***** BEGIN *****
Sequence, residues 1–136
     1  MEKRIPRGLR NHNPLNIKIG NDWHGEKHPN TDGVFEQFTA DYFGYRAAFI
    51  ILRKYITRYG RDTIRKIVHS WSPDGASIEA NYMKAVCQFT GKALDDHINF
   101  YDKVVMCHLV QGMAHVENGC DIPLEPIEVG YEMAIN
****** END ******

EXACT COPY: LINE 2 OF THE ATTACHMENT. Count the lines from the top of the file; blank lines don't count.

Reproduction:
     1  MEKRIPRGLR NHNPLNIKIG NDWHGEKHPN TDGVFEQFTA DYFGYRAAFI